Symposium draws nearly 100 from Beijing to advance Michigan Medicine partnership
Nearly 100 of China’s top physician researchers recently visited Ann Arbor for a meeting highlighting collaborations between Michigan Medicine and Peking University Health Science Center (PKUHSC) in Beijing.
This year’s Joint Institute (JI) Symposium brought PKUHSC faculty in disciplines from cardiology and liver disease to mental health and big data. The three-day meeting took place Oct. 15-17 across the U-M medical campus and included sessions on cancer research, medical education, addiction, dental health and more, as well as time for individual collaborators to advance dozens of ongoing JI projects.
The JI is the medical school’s largest single international partnership.
“Our ability to reach out beyond our own institutions — and beyond our own borders — is vitally important. As our world gets smaller, the inverse is true of our problems. They get bigger and more complex,” said U-M President Mark Schlissel in his welcome address to open the meeting. “Together, we understand that global challenges demand collaborations that bring together some of the best minds in the world to think big and tackle problems that transcend language, culture and politics.”
Launched in 2010, the JI is co-funded by Michigan Medicine and PKUHSC and offers seed grants to teams of investigators between the institutions to collaborate on mutually beneficial projects in a variety of disciplines. Since its inception, the JI has funded nearly 50 projects in cardiology, nephrology, pulmonary care, fertility and more — research that has garnered 60-plus high-impact publications and more than $14 million in external funding to date.
Recent expansions have included more projects in areas such as emergency medicine, psychiatry and mental health, precision medicine and medical education. There were 10 new awards this year, the largest cohort yet.
A recently established JI Leadership & Development Council, headed by Michigan Medicine Victors campaign chair Richard Rogel and Beijing hospital owner Lana Hu, is also poised to grow the collaboration.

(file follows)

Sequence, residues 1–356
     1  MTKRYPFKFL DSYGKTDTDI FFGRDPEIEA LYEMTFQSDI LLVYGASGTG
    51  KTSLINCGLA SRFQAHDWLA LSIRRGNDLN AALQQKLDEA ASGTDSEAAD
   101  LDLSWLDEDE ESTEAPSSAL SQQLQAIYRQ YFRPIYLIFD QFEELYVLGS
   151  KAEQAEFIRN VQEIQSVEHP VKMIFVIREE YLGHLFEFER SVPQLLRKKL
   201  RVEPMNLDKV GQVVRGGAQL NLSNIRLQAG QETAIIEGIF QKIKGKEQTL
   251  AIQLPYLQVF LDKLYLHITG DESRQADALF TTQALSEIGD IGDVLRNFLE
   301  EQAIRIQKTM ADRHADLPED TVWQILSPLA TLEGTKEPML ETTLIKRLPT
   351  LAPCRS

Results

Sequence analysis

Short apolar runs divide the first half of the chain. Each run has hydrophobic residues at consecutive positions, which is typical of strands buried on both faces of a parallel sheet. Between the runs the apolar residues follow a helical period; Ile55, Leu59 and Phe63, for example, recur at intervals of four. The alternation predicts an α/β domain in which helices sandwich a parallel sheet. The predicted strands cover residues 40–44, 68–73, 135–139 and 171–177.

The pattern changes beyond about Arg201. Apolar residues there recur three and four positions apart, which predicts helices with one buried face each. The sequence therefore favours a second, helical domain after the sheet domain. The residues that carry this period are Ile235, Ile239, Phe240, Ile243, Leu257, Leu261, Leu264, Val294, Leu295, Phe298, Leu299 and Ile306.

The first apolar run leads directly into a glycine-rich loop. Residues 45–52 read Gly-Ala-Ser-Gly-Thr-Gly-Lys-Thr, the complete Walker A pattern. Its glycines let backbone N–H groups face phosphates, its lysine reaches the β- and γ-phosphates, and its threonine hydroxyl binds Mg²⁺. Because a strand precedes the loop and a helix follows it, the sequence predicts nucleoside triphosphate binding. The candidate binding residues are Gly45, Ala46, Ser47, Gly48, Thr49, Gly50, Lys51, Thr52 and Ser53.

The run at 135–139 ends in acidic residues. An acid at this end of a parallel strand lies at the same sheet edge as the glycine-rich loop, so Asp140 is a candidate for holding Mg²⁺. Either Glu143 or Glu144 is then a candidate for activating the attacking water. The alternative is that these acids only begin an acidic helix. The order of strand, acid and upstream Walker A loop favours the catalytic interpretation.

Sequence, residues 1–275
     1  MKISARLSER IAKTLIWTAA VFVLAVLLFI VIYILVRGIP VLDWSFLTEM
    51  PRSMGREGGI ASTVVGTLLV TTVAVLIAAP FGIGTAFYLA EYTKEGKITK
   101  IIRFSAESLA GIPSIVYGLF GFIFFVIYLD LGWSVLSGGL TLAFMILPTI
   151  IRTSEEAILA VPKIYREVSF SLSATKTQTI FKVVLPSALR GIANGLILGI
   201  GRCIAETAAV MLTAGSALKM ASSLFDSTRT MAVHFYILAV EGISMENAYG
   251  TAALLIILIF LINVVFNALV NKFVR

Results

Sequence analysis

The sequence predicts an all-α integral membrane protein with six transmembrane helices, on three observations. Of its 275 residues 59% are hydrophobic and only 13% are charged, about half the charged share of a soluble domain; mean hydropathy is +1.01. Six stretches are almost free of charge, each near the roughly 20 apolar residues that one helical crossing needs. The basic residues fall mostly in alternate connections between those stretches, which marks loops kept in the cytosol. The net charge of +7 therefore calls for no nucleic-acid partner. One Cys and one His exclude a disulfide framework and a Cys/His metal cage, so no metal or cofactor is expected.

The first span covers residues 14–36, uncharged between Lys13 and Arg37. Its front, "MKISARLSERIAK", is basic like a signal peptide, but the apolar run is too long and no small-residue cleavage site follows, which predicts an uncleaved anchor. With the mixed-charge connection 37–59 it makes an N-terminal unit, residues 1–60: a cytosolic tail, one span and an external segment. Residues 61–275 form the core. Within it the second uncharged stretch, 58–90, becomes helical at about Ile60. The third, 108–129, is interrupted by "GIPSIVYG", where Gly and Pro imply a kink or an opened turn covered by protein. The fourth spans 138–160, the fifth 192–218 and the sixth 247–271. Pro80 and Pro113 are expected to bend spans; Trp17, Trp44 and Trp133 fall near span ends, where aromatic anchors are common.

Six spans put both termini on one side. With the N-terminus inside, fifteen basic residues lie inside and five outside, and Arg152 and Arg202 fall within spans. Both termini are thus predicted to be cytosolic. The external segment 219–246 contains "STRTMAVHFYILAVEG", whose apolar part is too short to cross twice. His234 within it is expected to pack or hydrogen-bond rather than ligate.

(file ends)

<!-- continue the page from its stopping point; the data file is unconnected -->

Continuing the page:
“It’s gratifying to think about how far we’ve come. In eight short years, the JI has become a model for how institutions can sustain meaningful collaborations through common goals, shared values and mutual respect,” said JI co-director Joseph Kolars, UMMS senior associate dean for education and global initiatives, who helped launch the partnership shortly after joining Michigan Medicine. “I’m grateful to my colleagues at PKUHSC and to the dedicated faculty on both sides who continue to advance this important partnership.”
While PKUHSC has many partnerships abroad, the relationship with Michigan Medicine is the longest-running and largest. Thanks in large part to the success of the JI, PKUHSC was recently recognized by the Chinese government with a National Key Center designation for international research collaborations, an honor that elevates the partnership’s status across China and could result in increased funding opportunities for participating researchers.
Kolars co-directs the JI with PKUHSC Vice President Ning Zhang, Ph.D. Zhang, a Johns Hopkins-trained molecular biologist, who recently joined the faculty at PKUHSC. This year’s JI Symposium marked Zhang’s first.
“I am very enthusiastic about the research programs I’ve seen here (at UMMS) and excited about the JI partnership. While we have many international partnerships, the JI is our top priority,” he said. “We’ve never organized a program like it with any school before. Our leadership is engaged. More important, our faculty are very excited about this collaboration.”